€280k Bourgeois Town House for Sale in France – Romorantin-Lanthenay (41), how much do we love this maison bourgeoise? About an hour from Tours and just 2 hours to Paris. This is a perfect maison secondaire, or your holiday home in France, or even better yet, your ‘retire in France’ dream come true!
This is a gorgeous historic town, about 2 hours from Paris by train, and about an hour to Tours, with lovely architecture, and a sympathetic combination of new & old, and a good, steadily growing amount of commerce & community activity.
This house has been lovingly cared for and kept nicely updated with all the modern conveniences, it’s ready to move in and is just 3 minutes from all the amenities of the village. With a population of nearly 20,000, this is a good size town, with excellent schools & public transport.
The dining room meshes nicely with the kitchen, perfect for company and family meals.
There are 3 very pretty bedrooms, this one with its tower turret space. hardwood floors throughout. It has modern, updated electric & plumbing, a large cave and attic, and countless, well appreciated architectural details that speak to the city itself, and a good quality of life atmosphere. There is apparently a bit of a walled garden, but the external footprint isn’t mentioned in the agency’s advert.
In the early 1500’s, King Francis the 1st had grand plans for Romorantin. From 1517 until his death in 1519, Leonardo Da Vinci lived in Amboise, France as a guest of the King and created sketches for a royal palace in Romorantin that are now found in Da Vinci’s Codex Atlanticus. In these sketches, he outlines a plan for a new town at Romorantin at the order of the King, and the overall concept of Da Vinci’s design was centered around incorporating the existing royal buildings in the town into a new network of gardens and chateaus. His plan included a canal system to adequately drain the area and prevent flooding that plagued the area due to the Saudre River. da Vinci drew the plans for a gigantic palace straddling the two banks of the Sauldre, to the west of the castle of the Counts of Angoulême. He also designed a large program of hydraulic works. King Francis I financed this portion of the project in 1518, but he ultimately decided not to pursue the construction of the Romorantin and decided to build a chateau in Chambord instead. In the end, da Vinci’s designs for the Romorantin Palace were never constructed, and architecture of Chambord is attributed to da Vinci. It’s interesting to note that the later designs of le Notre for the gardens of the Palace of Versailles certainly echo the formality, order & structure of the gardens of Chambord. Can we say than, or at least suggest, that gardens of Versailles were influenced by none other than da Vinci?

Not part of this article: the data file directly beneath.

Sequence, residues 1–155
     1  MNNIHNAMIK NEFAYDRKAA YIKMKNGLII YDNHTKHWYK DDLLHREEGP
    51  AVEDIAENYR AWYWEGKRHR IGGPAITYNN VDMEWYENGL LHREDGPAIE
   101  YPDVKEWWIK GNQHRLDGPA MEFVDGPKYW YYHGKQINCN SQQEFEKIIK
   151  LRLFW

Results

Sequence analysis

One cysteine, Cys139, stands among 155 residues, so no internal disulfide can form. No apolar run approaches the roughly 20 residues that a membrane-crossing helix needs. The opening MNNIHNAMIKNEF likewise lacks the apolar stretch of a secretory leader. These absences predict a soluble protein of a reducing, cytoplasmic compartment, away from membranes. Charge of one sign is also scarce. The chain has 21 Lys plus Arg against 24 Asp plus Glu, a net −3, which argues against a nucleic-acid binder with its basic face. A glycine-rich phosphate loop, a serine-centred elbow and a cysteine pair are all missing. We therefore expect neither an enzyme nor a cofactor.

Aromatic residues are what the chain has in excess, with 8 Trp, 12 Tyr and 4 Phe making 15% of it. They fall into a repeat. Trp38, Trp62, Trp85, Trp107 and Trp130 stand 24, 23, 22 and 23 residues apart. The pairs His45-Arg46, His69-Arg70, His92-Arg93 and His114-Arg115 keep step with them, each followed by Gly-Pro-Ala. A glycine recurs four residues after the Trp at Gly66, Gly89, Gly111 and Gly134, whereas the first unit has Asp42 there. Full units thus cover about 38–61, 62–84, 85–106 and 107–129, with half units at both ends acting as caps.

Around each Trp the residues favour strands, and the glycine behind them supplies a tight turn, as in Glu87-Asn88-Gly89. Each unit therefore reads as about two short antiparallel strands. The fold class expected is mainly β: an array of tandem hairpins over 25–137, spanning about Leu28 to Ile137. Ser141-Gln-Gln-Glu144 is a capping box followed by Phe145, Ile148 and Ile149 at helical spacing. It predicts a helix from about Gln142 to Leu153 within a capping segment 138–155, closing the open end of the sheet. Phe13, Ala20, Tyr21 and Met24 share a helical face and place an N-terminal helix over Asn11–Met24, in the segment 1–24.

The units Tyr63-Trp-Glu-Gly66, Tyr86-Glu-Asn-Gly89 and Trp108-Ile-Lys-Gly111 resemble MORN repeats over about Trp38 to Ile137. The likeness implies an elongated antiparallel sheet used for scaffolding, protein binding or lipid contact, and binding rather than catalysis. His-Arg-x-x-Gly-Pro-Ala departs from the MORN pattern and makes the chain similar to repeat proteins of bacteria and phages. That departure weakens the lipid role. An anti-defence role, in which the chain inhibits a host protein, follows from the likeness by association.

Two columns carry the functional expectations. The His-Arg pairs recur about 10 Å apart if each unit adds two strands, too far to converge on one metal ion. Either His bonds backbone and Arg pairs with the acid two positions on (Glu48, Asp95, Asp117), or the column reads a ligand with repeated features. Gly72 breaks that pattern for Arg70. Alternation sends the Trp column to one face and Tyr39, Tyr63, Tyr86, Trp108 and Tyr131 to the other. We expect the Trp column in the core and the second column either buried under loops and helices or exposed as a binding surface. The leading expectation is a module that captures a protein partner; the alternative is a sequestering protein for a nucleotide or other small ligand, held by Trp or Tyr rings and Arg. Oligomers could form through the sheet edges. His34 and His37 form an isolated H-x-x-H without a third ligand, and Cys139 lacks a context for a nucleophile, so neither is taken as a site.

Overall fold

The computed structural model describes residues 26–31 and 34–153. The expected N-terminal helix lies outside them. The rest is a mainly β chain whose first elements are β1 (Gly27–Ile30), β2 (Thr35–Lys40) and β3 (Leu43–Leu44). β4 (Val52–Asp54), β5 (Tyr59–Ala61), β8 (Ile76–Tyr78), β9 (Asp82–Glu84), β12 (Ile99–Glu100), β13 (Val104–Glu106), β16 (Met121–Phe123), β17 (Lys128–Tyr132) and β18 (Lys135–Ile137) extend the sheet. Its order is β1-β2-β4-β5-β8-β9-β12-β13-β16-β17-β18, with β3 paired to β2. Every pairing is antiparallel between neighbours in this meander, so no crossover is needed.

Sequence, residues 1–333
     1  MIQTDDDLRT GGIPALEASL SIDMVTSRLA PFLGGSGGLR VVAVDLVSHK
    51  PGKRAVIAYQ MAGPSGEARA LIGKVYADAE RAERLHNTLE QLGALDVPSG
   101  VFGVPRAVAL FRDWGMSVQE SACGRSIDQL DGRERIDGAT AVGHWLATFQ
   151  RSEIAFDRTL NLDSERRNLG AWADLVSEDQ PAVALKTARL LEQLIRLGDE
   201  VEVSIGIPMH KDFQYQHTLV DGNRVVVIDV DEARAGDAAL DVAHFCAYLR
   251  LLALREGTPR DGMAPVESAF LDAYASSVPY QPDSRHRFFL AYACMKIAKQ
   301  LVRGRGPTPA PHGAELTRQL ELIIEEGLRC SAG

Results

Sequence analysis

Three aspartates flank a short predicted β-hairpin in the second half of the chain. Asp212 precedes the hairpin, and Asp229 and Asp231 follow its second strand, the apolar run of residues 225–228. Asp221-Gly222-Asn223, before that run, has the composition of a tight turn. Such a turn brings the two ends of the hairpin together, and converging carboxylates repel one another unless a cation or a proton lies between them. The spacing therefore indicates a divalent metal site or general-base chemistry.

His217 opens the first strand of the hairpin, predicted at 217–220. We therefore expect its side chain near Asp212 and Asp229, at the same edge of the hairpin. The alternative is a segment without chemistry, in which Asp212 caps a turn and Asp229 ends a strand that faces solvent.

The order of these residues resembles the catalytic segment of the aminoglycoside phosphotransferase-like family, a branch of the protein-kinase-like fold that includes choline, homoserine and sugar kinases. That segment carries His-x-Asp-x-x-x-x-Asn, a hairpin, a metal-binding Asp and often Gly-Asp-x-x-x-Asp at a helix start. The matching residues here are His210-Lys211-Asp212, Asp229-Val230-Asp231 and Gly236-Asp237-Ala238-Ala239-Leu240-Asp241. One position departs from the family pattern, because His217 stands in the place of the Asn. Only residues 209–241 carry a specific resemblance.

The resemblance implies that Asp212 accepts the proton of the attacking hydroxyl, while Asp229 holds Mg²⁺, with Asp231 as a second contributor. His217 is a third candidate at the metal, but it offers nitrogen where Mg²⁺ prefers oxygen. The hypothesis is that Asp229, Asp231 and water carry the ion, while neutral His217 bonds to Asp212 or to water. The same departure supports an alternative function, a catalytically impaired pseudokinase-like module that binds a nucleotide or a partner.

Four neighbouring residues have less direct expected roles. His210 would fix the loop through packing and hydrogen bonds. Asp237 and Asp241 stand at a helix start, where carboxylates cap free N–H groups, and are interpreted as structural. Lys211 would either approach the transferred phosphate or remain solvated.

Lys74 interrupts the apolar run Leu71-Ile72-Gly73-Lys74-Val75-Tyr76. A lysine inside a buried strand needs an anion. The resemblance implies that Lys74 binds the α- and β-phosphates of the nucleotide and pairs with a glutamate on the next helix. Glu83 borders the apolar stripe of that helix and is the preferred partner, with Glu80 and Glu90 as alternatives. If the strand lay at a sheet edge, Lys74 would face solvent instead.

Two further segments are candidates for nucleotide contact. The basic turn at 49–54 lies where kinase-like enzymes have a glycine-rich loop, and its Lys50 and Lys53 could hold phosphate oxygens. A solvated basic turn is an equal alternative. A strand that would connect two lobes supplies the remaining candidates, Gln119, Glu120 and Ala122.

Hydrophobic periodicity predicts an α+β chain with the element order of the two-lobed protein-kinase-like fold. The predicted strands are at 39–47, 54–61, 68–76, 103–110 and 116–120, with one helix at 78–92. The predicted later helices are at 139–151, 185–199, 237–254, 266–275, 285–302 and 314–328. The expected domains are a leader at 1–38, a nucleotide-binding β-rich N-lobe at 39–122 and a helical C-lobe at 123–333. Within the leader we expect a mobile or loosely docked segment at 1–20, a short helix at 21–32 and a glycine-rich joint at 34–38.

How easy is it to buy property in France as a foreigner?
Check out our comprehensive article on ‘how to buy property in France as a foreigner”, for more information. There are currently no restrictions on foreigners buying property in France, however, you may find the process a bit more difficult as a non-resident. This is France, and that means a lot of paperwork and due diligence.
If you’re working with a real estate agent, the process is likely to be relatively straightforward. But you’ll still need to make sure you read up on what taxes you’ll need to pay, and any visas needed so you can live in your new French home once you’ve bought it. Thankfully, in this digital & social networking age, you can prepare yourselves in advance with the wonderful, thorough and diverse social media groups & websites that now exist and are proliferating on the web.
To get a head start on the details of moving to, living and buying a property in France, be sure to check out our page with many helpful links to websites & Facebook pages dedicated to precisely those topics.
Whether you’re seeking knowledge & info about literally, how to buy a property in France, or you need to know about taxation, or you’re needing information on securing & using your Carte Vitale, we’ve got the links, so check them out.
Buying property in France after Brexit
Even though the UK has now officially left the EU, as a UK citizen, you’ll still have the right to buy property in France as a non-EU citizen. You can even rent it out if you want to.
However, you will now need to make sure you have a long-stay visa if you plan to stay in France for more than 90 days at a time.
Can I buy property in France and get residency?
Unlike some other countries, France doesn’t have a ‘Golden Visa’ or other investment scheme for property purchases. This means that for UK citizens post-Brexit, although there aren’t restrictions on foreigners buying property, you’ll now need to go through the same process as any other non-EU citizen to get a visa to live in France – and then to apply for permanent residency if you’re eligible.
Ready to Buy that Dream Home for sale in France? It’s all about the money, money, money…
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